Herein lies the clue to the Filipinos' dilemma. Yes, I agree that there's nothing fundamentally wrong with them nor their will to change. If its not them especially when they move to a foreign land then it only means its the environment that surrounds them that is the cause of the gradual decay and stagnancy that also leads to contaminating others. And yet, even the migrant and overseas Filipinos will attest that despite being successful in other countries, once they come home they revert back to their old ways and easily get swallowed by the corrupt system. This is exactly my point where the iron will to change comes into the picture. Perhaps the solution needed is a benevolent dictator with an iron fist since we cannot go around our lame democratic system. What are your other ideas to get around this? 

      >>>In our case, all we need to do is change our ideas of progress.<<<

      In my own personal opinion, we can change our ideas of progress, our system of government, and the like but if the attitude and behavior of the people remain the same then it won't make a difference. This is specifically addressed by James Fallows and called it our "damaged culture." Is it real or simply imagined? What do you think?

      Edgar


      From: ctapang@...
      To: rp-rizal@yahoogroups.com
      CC: egadong@...
      Subject: RE: [RP-Rizal] Re: F. Sionil Jose Article
      Date: Sat, 20 Nov 2010 11:30:19 -0800

      You and I both want Pinas to progress. We may not agree on the exact destination, but I think we can both agree that the current state of the country is deplorable. I have visited Malaysia and Indonesia, and have lived in both Japan and the U.S. We are way behind in terms of modernization, and by that I mean the same kind of modernization that Mahbubani in his book "The New Asian Hemisphere" meant: abundant jobs, sanitary toilet bowls, clean and peaceful cities, a government that does its job, etc.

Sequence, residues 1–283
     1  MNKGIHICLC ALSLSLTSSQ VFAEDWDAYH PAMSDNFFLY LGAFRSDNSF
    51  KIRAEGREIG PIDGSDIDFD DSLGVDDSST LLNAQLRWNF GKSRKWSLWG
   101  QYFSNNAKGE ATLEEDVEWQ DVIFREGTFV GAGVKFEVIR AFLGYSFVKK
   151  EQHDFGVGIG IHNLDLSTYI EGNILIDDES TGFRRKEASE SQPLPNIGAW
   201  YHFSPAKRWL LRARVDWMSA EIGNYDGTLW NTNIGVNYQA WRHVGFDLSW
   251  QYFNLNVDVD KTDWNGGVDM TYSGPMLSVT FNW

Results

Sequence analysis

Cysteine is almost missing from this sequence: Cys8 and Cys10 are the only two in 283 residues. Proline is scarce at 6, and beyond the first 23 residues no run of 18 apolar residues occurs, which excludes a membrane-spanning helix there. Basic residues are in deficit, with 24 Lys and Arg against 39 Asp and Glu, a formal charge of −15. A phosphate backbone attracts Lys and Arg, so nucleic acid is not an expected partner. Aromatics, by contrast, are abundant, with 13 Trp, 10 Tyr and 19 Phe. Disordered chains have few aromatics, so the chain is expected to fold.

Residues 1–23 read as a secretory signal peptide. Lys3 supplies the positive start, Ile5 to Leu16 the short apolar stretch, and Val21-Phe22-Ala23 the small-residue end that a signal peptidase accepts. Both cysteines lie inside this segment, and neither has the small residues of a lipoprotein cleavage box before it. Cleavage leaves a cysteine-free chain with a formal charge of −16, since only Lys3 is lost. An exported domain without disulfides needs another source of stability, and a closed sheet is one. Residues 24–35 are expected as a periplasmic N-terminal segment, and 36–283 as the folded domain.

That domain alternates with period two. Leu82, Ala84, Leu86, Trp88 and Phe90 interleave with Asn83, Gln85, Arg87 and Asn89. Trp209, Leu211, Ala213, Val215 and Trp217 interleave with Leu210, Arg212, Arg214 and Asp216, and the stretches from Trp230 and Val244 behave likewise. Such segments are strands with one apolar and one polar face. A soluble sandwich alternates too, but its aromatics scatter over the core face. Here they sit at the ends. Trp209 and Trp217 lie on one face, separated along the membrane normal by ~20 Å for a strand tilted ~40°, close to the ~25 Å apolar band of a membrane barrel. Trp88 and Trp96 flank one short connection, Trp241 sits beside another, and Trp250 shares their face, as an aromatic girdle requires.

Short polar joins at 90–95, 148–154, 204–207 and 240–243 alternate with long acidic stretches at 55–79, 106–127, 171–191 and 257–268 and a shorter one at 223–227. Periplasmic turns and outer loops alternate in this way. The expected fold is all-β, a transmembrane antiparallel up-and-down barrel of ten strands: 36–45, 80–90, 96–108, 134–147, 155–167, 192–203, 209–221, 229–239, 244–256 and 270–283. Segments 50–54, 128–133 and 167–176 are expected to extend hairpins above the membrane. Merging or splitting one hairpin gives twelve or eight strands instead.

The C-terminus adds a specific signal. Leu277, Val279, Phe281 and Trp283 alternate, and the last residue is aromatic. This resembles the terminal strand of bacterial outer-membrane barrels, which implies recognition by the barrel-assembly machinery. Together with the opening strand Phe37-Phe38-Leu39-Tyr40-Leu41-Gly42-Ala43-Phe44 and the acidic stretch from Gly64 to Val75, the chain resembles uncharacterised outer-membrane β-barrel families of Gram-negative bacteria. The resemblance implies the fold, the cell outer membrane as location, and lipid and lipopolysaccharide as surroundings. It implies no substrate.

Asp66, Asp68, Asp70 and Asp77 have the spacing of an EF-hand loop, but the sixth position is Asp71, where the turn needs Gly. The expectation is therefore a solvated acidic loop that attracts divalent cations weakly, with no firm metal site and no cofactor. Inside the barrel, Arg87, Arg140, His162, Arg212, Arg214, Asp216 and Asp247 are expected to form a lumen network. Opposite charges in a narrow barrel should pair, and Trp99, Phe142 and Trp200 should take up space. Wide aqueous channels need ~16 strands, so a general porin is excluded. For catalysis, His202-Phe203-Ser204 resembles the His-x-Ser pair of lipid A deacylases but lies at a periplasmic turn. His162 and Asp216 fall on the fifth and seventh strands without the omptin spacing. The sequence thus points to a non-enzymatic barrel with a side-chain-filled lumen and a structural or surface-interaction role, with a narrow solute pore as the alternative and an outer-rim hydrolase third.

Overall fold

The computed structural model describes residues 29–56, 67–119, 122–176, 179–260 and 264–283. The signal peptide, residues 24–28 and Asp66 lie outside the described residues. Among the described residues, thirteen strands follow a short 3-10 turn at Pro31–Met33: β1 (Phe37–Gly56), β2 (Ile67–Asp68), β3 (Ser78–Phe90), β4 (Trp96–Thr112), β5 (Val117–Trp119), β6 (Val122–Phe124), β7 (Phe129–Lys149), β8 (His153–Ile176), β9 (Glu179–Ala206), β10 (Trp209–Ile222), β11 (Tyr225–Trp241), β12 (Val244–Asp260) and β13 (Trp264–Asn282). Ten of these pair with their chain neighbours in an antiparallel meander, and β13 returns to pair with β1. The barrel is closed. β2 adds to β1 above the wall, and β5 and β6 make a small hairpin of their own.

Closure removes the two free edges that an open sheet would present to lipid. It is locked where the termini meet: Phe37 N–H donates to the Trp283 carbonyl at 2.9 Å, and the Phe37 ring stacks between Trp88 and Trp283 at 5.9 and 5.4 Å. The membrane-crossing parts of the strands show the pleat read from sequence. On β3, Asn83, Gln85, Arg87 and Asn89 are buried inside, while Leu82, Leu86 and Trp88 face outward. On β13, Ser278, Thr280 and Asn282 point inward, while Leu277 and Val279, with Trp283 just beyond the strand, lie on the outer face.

For me, the question to ask is "what is the way to progress?" Not "what should we change in the Filipino people (so they can march towards progress)?" The first question does not imply that the Filipino people needs to change first before progress happens, the second certainly does. There is nothing wrong with the Filipino people: nothing wrong with our desires, nothing fundamentally wrong with our habits, nothing wrong with our will to change either. My proof to you is all the Filipinos who live and work outside of Pinas. Most of the millions of us who live and work outside are working hard to improve the lives of our families back home. We do not depend on dole-outs, we do not depend on anybody else to sustain us, we depend on ourselves to earn our living. Why is it that we have to go outside of Pinas in order to progress (in some cases, in order to survive)?
       
      What is there in other countries that we lack in Pinas that we have to get out and get? The answer is simply: jobs. We do not have enough jobs in Pinas. Why is this? Why is there not enough jobs in Pinas? Is it because we are overpopulated? The answer is not as simple as that, and in fact, my position on population is that we are in no way overpopulated. We are smaller than Japan in terms of population per hectare of arable land.